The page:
Rox, having been on the US Palma Team (and other International long range teams) and one of the folks helping develop the load in early 1991 for Sierra's first 155, we've always shot them loaded such that they set back a few thousandths when chambered. This helps align them with the bore when they're fired. In the first match later that year when they were used in ammo provided to competitors, rifles with jump to lands of more than a few thousandths didn't shoot them very accurate. I've never been able to get any Sierra 30 caliber match bullet to shoot super accurate unless it's set back by the leade when chambered.

Brokenanew, jump to the lands amounts can also be affected by the angle the rifling has to the bullet. Note also that the more a bullet jumps to the lands, the faster it's moving when it goes into them. Higher impact speeds tend to deform bullets more than slower ones. All this aside, shoot at least 20 shots per test group then use whatever makes their largest ones the smallest. The accuracy one can count on all the time from a given load is the largest group it shoots. The smallest groups fired happen the least amount of times.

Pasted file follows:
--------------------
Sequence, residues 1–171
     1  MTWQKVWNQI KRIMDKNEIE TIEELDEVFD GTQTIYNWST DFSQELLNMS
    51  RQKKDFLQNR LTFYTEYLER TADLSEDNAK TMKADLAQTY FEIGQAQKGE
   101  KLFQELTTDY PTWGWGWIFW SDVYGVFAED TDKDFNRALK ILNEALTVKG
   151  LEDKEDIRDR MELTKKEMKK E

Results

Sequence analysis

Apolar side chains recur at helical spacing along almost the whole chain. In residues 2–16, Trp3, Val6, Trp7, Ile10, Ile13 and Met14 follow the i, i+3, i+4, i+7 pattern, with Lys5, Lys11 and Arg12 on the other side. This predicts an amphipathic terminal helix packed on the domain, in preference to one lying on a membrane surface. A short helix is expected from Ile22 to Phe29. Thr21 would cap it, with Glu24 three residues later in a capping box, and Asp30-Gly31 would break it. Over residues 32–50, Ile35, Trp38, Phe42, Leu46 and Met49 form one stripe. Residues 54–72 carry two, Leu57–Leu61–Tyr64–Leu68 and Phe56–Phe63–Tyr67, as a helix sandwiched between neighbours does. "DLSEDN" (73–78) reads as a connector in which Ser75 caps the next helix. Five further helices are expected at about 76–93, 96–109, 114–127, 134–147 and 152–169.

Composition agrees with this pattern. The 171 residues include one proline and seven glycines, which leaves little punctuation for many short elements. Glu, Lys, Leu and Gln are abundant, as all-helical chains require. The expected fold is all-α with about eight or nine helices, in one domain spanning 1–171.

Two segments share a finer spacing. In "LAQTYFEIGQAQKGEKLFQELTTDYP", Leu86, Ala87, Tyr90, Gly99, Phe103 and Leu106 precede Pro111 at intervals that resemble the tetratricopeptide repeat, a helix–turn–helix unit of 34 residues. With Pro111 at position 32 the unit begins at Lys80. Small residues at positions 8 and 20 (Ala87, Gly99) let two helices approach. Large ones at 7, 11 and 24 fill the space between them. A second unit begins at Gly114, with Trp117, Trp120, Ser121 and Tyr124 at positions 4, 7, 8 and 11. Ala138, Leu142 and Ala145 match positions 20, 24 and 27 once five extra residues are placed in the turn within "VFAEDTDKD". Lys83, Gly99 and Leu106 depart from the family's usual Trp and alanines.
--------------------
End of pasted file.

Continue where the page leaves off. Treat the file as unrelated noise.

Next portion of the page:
Last edited by Bart B.; November 2, 2012 at 07:20 AM.
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Old November 2, 2012, 02:09 PM   #15
Jimro
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Bart B.

Thanks for the clarification on the rules, odds are they'll be different again next year. The real reason I don't shoot Palma is that it is even more expensive to get into than Service Rifle. Maybe one of these days I'll find a Savage Palma rifle in a used rack somewhere and only have to acquire a decent set of sights for it (Stranger things have happened in the gun world).

Jimro